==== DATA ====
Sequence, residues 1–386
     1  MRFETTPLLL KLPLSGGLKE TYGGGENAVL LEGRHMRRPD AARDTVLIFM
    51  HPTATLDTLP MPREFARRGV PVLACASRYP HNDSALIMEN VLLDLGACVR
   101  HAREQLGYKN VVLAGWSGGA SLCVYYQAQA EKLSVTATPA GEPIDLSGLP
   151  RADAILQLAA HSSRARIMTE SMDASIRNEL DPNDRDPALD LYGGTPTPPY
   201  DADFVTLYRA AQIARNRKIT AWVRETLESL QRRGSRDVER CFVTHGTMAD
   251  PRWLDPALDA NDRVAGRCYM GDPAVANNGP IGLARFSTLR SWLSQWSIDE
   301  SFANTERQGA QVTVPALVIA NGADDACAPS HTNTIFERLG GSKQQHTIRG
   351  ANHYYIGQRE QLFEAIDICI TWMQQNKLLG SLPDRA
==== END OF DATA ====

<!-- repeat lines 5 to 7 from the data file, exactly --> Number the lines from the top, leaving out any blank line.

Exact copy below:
   151  RADAILQLAA HSSRARIMTE SMDASIRNEL DPNDRDPALD LYGGTPTPPY
   201  DADFVTLYRA AQIARNRKIT AWVRETLESL QRRGSRDVER CFVTHGTMAD
   251  PRWLDPALDA NDRVAGRCYM GDPAVANNGP IGLARFSTLR SWLSQWSIDE